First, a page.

“Careful transition of the diet will ensure there are no significant losses in production and most importantly that the cows graze well and fully utilise the fresh grass available to them. United Feeds’ team of nutritional advisors are available to advise farmers on how best to prepare their cows for the grazing season ahead to maximise milk production from grass.”


Making high quality, first cut silage should be a priority for every dairy farmer in Northern Ireland.

“It forms the backbone of all winter feeding programmes, the highly digestible forage promotes greater forage dry matter intakes and increased energy supplied to the cow, helping to deliver the highest possible milk from forage levels,” Matt explained.

“A first cut date in early May should be targeted, although this date will be influenced by weather conditions and the progress of grass plant growth through the spring. This early first cut sets the baseline for a minimum three cut production schedule.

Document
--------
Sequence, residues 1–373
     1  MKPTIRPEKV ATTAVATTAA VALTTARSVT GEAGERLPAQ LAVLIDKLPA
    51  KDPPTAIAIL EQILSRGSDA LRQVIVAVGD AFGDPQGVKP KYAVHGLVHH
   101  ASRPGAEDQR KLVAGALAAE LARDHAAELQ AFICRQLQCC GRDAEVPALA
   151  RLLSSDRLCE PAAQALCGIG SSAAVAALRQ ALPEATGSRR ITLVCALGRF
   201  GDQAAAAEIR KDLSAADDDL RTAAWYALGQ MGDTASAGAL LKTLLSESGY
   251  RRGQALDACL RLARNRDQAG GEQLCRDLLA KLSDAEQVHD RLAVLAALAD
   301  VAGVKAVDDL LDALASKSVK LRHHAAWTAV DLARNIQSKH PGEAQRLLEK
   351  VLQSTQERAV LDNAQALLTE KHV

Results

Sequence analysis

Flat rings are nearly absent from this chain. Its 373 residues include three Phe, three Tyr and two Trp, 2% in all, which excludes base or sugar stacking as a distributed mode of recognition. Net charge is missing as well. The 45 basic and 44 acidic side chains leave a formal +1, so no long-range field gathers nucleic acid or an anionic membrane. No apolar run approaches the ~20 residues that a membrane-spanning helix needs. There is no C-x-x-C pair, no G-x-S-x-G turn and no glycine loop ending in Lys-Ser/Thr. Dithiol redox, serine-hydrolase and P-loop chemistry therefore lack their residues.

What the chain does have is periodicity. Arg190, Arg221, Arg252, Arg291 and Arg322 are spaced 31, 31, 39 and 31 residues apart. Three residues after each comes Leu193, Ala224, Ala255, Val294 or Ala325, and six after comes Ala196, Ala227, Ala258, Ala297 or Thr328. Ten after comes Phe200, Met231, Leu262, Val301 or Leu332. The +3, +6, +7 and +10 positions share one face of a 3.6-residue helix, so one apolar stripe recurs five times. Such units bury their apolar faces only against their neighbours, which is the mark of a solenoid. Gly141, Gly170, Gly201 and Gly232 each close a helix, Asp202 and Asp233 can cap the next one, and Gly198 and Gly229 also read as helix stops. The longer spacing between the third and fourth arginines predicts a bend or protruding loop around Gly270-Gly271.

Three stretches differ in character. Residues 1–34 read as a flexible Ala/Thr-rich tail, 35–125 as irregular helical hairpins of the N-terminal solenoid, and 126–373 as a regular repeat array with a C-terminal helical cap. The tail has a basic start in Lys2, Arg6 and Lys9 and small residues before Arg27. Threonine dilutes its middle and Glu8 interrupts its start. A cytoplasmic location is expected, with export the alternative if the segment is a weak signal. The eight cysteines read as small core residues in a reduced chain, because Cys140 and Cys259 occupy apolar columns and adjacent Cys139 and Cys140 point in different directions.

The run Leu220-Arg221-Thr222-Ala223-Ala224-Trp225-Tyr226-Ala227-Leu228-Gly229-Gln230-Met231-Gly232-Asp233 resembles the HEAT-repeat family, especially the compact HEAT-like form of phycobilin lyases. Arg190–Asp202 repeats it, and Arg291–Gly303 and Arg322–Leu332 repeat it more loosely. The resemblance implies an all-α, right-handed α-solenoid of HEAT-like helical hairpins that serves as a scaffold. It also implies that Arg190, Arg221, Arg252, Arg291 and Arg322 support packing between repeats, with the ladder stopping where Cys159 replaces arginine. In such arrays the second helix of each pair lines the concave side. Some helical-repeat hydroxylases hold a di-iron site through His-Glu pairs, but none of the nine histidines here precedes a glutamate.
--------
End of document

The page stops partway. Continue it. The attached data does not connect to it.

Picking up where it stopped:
“Maximising forage quality and minimising losses are critically important facets of the silage making process.

“Many years experience here in Northern Ireland has confirmed that applying the inoculant Sil-All 4x4 will help farmers achieve these objectives when making silage. Alongside good silage making practices, the combination of multi strain bacteria and enzymes in Sil-All will ensure a rapid and efficient fermentation. The result being more nutrients preserved in the crop, reduced ensiling dry matter losses, increased aerobic stability of the clamp at feed out and ultimately maximised forage dry matter intake which will achieve improved milk from forage.

“The importance of feeding high-quality well-preserved silage cannot be underestimated, a study at the University of Wisconsin has shown that feeding cows with 5% spoiled silage can reduce milk production by up to 1.8kg milk/cow/day.”

Matt concluded: “It doesn’t matter if silage is made in clamp or in bales: the driver in either case is that of maximising forage quality, to maximise milk from forage.

The spring time presents farmers with a great opportunity to make best use of their most valuable resource, grass. United Feeds staff are available to provide advice on improving feed efficiency on farm through improved grazing management and higher quality silage.

For further advice on preparing for the seasons ahead visit, contact your local United Feeds Ruminant Nutrition Advisor or call 028 9075 9000.